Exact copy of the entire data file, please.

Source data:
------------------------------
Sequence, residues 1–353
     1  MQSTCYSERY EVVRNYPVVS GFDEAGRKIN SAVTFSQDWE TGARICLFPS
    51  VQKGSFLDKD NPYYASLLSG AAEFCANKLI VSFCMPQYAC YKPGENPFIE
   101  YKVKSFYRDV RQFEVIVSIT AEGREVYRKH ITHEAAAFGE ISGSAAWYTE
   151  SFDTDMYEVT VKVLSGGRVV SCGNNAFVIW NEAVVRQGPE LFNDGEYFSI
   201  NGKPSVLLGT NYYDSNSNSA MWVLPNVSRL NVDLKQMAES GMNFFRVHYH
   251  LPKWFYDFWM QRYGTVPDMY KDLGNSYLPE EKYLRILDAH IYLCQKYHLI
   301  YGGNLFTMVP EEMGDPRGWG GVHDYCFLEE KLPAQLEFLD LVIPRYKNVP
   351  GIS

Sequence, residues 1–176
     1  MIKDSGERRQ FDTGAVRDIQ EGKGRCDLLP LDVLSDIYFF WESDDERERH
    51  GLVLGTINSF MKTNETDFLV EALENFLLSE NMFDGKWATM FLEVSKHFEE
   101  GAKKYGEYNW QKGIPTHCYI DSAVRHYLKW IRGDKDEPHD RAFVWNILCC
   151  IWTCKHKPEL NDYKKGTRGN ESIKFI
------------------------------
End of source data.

Sequence, residues 1–353
     1  MQSTCYSERY EVVRNYPVVS GFDEAGRKIN SAVTFSQDWE TGARICLFPS
    51  VQKGSFLDKD NPYYASLLSG AAEFCANKLI VSFCMPQYAC YKPGENPFIE
   101  YKVKSFYRDV RQFEVIVSIT AEGREVYRKH ITHEAAAFGE ISGSAAWYTE
   151  SFDTDMYEVT VKVLSGGRVV SCGNNAFVIW NEAVVRQGPE LFNDGEYFSI
   201  NGKPSVLLGT NYYDSNSNSA MWVLPNVSRL NVDLKQMAES GMNFFRVHYH
   251  LPKWFYDFWM QRYGTVPDMY KDLGNSYLPE EKYLRILDAH IYLCQKYHLI
   301  YGGNLFTMVP EEMGDPRGWG GVHDYCFLEE KLPAQLEFLD LVIPRYKNVP
   351  GIS

Sequence, residues 1–176
     1  MIKDSGERRQ FDTGAVRDIQ EGKGRCDLLP LDVLSDIYFF WESDDERERH
    51  GLVLGTINSF MKTNETDFLV EALENFLLSE NMFDGKWATM FLEVSKHFEE
   101  GAKKYGEYNW QKGIPTHCYI DSAVRHYLKW IRGDKDEPHD RAFVWNILCC
   151  IWTCKHKPEL NDYKKGTRGN ESIKFI